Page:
Posted on | October 2, 2012 | No Comments
First, my apologies to Michael Campana, for whom my recent disquisition on hookers and blow on the Lower Colorado seems to have caused some inadvertent difficulties. I expect my Texas neighbors are the forgiving sort and will welcome you back. It would be unfortunate, given their recent difficulties with the whole running-out-of-water thing, if they were to cut themselves off from access to such a wise water policy sage.
Second, to my friends in the Lower Basin, I must apologize. As Emily Green wisely noted in the comments, who am I to judge whether hookers and blow are or are not a beneficial use of water?
Also, I had this fancy spreadsheet I’ve been working on, with graphs and stuff, explaining the core problem – that, given its legal annual entitlement, without any “bonus water” resulting from either underuse or surplus supplies in the Colorado River’s Upper Basin, the Lower Basin is inevitably going to drain Lake Mead. But that’s wonky stuff that you’ve heard before (and here and here and here). There simply is no alternative, given the current approach to managing the river, to that reality. As the accompanying Bureau of Reclamation slide notes:
Given basic apportionments in the Lower Basin, the allotment to Mexico, and an 8.23 maf release from Lake Powell, Lake Mead storage declines
Recall that the long term supply and demand curves in the Colorado River Basin crossed some time in the late 1990s, and in the years since the states of the basin have been meeting their water needs by draining the reservoirs behind Glen Canyon and Hoover dams. Since 1999, the total water in storage behind the two big dams has decreased by 20.5 million acre feet (I think that’s 25.2 billion cubic meters, Andy).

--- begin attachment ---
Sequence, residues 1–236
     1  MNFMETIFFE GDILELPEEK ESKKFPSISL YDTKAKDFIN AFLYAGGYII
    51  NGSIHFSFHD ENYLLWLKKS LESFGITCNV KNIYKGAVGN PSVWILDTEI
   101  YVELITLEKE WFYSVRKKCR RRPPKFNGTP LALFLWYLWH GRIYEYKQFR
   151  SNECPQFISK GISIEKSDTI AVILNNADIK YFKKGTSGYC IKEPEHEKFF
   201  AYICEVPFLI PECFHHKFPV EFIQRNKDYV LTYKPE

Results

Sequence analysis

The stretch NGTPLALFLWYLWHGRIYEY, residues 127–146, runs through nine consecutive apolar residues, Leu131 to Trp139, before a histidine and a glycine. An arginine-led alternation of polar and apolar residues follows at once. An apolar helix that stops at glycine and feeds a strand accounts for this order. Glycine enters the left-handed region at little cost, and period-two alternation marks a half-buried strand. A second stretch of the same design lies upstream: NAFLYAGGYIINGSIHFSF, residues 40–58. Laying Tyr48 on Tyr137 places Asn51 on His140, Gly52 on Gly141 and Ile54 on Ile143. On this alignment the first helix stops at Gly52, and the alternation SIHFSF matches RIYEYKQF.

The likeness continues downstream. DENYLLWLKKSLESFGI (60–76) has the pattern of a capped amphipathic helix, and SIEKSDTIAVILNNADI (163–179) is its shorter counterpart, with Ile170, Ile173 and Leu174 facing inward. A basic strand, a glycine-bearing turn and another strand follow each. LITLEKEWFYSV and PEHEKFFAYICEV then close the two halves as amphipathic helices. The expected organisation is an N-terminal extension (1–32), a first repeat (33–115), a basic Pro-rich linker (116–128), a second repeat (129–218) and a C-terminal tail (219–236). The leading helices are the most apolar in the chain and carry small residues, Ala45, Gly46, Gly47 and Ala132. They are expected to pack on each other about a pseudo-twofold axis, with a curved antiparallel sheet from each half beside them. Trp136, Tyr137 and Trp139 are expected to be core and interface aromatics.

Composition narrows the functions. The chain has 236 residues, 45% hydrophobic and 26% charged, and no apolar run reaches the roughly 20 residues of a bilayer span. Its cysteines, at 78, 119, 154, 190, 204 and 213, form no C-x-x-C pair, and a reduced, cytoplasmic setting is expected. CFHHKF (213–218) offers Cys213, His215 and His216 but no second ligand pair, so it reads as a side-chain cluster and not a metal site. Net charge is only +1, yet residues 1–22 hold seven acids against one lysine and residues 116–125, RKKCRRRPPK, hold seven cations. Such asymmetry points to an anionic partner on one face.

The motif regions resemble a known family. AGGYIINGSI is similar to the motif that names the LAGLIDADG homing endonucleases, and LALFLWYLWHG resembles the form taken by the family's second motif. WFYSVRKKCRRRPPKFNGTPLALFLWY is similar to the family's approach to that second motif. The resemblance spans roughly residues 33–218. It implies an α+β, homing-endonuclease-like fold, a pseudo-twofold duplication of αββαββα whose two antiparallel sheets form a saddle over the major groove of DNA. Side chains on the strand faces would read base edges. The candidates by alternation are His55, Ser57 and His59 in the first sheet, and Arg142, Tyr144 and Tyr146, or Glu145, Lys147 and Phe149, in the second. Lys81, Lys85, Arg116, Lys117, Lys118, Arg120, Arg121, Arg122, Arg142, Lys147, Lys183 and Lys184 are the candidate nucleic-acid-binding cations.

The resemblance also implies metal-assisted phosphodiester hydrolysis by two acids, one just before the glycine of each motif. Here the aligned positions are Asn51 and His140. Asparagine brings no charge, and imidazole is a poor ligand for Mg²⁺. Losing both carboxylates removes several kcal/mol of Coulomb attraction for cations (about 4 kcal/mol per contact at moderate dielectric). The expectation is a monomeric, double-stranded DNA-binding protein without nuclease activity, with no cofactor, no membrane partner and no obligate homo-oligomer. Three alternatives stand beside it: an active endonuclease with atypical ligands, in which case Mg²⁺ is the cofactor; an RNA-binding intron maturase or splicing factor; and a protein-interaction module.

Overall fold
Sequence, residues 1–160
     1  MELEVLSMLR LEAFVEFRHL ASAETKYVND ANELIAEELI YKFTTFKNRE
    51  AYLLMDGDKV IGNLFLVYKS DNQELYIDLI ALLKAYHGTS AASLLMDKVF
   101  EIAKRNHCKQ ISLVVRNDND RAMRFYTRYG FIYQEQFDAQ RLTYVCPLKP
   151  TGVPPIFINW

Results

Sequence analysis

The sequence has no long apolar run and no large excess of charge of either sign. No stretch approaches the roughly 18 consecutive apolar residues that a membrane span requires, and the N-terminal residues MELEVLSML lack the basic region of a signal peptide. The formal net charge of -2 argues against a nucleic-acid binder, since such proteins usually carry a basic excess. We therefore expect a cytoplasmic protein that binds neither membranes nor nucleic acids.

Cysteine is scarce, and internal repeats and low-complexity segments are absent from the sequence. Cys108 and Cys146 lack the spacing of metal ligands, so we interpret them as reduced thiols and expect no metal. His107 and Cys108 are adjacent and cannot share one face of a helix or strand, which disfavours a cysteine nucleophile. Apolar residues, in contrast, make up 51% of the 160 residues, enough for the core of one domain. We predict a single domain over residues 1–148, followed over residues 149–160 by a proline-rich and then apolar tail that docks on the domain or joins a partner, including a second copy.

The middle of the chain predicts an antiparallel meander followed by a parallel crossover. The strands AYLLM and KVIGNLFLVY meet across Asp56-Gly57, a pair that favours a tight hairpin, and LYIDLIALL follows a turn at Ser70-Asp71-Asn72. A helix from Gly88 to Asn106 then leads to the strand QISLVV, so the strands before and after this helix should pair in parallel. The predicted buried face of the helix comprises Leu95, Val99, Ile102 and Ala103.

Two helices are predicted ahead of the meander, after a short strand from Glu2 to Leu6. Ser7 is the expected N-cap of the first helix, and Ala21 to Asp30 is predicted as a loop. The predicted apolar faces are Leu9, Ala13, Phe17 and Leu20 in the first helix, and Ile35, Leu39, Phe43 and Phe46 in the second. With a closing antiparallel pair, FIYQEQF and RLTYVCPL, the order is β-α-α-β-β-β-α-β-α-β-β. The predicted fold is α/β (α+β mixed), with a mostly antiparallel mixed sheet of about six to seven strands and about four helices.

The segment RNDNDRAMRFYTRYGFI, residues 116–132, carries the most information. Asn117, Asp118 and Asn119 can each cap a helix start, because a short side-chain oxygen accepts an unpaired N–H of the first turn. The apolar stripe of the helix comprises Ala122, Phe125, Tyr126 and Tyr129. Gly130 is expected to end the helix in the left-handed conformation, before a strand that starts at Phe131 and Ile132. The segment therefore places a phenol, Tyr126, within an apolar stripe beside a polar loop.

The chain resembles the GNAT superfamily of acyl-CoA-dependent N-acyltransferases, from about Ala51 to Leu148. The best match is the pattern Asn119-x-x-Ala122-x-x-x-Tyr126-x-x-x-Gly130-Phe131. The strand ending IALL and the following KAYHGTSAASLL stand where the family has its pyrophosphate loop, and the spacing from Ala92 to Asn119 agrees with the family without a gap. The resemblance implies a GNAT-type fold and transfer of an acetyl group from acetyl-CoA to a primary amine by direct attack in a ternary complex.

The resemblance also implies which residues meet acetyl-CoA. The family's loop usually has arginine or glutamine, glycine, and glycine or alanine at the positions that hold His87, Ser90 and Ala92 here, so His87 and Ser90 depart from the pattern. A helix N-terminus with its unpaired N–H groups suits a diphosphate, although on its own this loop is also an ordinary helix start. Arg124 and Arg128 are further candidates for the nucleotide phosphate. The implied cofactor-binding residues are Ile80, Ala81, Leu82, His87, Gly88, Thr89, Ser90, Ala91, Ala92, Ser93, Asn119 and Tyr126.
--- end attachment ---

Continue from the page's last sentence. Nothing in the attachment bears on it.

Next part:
More importantly for water management purposes, the total water in storage in Lake Mead, the savings bank to meet water needs in Nevada, Arizona and California, has declined by 11.5 million acre feet since 1999, despite the fact that in each and ever year the Upper Basin has met its legal requirement to deliver 8.23 million acre feet past Lee’s Ferry. Recall that under the Law of the River, we’ve sorta agreed to split this river at Lee’s Ferry, so it’s not entirely clear that we’re all in this together. As long as we Upper Basin people keep hitting that 8.23 maf target, y’all are on your own down there, I fear. Under the current situation, bonus water is a possibility in many years, but the Lower Basin can’t count on it forever.
I’ll roll out the fancy graphs next week, when I get the final water year numbers. But the wonky stuff never draws big web traffic, so, in the meantime, if nothing else, hookers and blow and the f-word sure got a lot of clicks!